Jonathan Brightman or the rise of an American musician? Downloading and the internet are both a blessing and a curse for musicians. What is your take on the industry as it stands today? Where do you see it heading? Jonathan Brightman: I think the musician will have to catch up with all this technology. In other words, a band may have to use more of their own words, images, actions and give more of themselves up to be noticed. These days anyone can edit a video and put up content. We’re going to have to learn how to be as creative on several formats now. Did the album take long to put together, as I know that you had been planning Black Robot for some time? Jonathan Brightman: The main body of the record was done in a few weeks. We added a few songs to the second version of the record. But overall we don’t like to put too much time into over thinking things. If it rocks, you pretty much know right away.
Jonathan Brightman and Buckcherry: Josh Todd grew up in the Anaheim Hills neighborhood of Anaheim, California and later moved to Lake Forest, California. Early on, Todd fronted the Hollywood glam rock band Slamhound. He eventually met lead guitarist Keith Nelson through their tattoo artist (Kevin Quinn). The duo made a few demos before being joined by bassist Jonathan Brightman and drummer Devon Glenn, calling themselves Sparrow. Sparrow began performing around the Hollywood club scene, receiving a strong, local following due to their old school rock and roll vibe, and were signed to DreamWorks Records shortly after. The group changed its name to Buckcherry after receiving a cease-and-desist letter from a record label called Sparrow (owned by EMI). Although the band’s name is a spoonerism of the late Chuck Berry, the group said it was inspired by a drag queen acquaintance of theirs named Buck Cherry.
Black Robot is a California-based hard rock band formed in 2008 by bassist Jonathan Brightman (JB). Brightman recruited Detroit-bred front man Harold Johns on vocals and Black Robot recorded their debut in 2008 with Grammy winning producer Dave Cobb (Chris Stapleton, Shooter Jennings, Rival Sons). Former Buckcherry alumni Devon Glenn & Yogi Lonich and legendary keyboard session player Fred Mandel (Queen, Alice Cooper, Pink Floyd) make guest appearances on the album. In 2009, guitarists Andy Andersson & Staffan Österlind and former Hot Sauce Johnson / Rumblefish / Earshot drummer Possum Hill were added to the line-up. The band has been described as a “new powerhouse” and “good ol’ rock ‘n’ roll influenced by acts like Led Zeppelin, AC/DC, Black Crowes and the Rolling Stones”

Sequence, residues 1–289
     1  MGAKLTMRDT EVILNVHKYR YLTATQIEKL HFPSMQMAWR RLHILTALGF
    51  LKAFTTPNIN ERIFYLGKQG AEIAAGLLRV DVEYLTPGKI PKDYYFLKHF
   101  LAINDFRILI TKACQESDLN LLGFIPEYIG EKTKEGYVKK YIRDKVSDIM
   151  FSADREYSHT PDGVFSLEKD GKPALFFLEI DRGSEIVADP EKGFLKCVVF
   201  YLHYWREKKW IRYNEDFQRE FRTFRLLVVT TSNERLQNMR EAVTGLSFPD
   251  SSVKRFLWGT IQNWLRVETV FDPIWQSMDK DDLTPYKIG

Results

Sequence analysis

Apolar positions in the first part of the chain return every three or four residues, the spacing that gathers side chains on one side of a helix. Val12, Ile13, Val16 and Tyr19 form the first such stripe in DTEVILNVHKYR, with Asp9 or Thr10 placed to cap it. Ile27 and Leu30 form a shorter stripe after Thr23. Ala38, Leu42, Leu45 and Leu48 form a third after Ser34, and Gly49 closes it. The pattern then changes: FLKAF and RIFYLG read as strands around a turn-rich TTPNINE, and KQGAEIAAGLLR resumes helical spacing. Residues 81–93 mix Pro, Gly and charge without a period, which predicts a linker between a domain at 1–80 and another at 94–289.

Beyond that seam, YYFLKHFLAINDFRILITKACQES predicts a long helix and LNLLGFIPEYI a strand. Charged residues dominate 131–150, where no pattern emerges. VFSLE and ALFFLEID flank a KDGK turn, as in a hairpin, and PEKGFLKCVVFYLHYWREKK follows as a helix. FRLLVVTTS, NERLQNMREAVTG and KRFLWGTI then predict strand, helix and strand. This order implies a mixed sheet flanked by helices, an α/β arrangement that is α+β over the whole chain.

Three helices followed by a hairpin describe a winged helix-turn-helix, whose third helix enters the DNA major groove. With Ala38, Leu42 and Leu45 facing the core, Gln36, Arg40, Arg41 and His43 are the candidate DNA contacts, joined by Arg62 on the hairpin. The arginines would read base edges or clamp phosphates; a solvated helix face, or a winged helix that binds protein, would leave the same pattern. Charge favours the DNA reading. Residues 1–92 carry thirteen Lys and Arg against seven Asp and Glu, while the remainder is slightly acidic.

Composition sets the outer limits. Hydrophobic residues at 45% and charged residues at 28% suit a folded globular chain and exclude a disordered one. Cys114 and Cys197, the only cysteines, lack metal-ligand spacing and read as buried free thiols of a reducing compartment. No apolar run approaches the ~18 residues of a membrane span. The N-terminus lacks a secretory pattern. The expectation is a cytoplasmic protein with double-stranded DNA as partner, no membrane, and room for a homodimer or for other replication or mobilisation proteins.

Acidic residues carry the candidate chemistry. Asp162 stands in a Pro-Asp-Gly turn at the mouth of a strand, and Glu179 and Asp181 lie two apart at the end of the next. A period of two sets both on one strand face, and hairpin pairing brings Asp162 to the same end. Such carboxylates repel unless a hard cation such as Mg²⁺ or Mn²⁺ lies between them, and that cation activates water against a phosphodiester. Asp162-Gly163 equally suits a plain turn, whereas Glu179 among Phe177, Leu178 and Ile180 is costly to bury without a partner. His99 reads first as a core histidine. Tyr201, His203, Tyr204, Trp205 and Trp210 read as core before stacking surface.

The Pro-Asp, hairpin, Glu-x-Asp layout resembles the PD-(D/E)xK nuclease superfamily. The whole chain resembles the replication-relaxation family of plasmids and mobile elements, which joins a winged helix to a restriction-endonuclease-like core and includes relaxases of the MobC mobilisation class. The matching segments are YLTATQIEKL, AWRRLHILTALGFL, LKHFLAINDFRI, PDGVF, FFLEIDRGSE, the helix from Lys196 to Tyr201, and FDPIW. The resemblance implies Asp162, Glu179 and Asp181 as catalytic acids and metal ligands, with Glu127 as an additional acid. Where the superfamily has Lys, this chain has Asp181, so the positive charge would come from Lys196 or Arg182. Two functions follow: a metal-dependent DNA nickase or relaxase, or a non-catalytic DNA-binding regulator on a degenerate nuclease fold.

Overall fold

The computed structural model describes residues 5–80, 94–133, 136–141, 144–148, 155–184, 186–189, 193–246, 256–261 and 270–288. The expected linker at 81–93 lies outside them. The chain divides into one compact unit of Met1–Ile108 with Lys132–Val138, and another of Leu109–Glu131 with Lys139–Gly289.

Black Robot started with former Buckcherry band mates, Yogi and Devon, but they are not on the album. Are you still on good terms? Jonathan Brightman: Actually they are on the record. Yogi does some great solo work on four songs and Devon plays drums on a few songs. They are great friends and we are always happy to lend a musical hand to each other.
Over the past decade Brightman Music has been a top Producer Management firm based in Southern California with a presence in New York City and Nashville, Tennessee and London, England. We represent some of the recording industry’s most highly recognized award winning producers, mixers, songwriters and engineers as well as tomorrow’s game changers. We hold a unique emphasis and proven track record on the discovery and development of groundbreaking chart-topping new artists. Our clients work with artists and record labels, big and small from every corner of the globe. We celebrate musical diversity and support artists of all genres. Find even more details at Jonathan Brightman.
How long after the demise of Buckcherry did you begin working on new music? Jonathan “JB” Brightman: The way this happened…right after I left Buckcherry Huck (Johns, singer) was moving to Los Angeles. I had made friends with him and we just started writing. So we had written some songs, but there was no agenda to create a band. What Huck and I really intended to do was to have Yogi (former Buckcherry guitarist) and Devon (former Buckcherry drummer) in the band, but that didn’t really work out. I needed some time away from what would become Black Robot. When it came time, I called Yogi and Devon and said to them, “Let’s just go in the studio for two weeks and let’s make a record.” I didn’t have any expectations. I wanted to get in the studio, record, have a good time and if a great record came out of it then we’d release it. It was no pressure.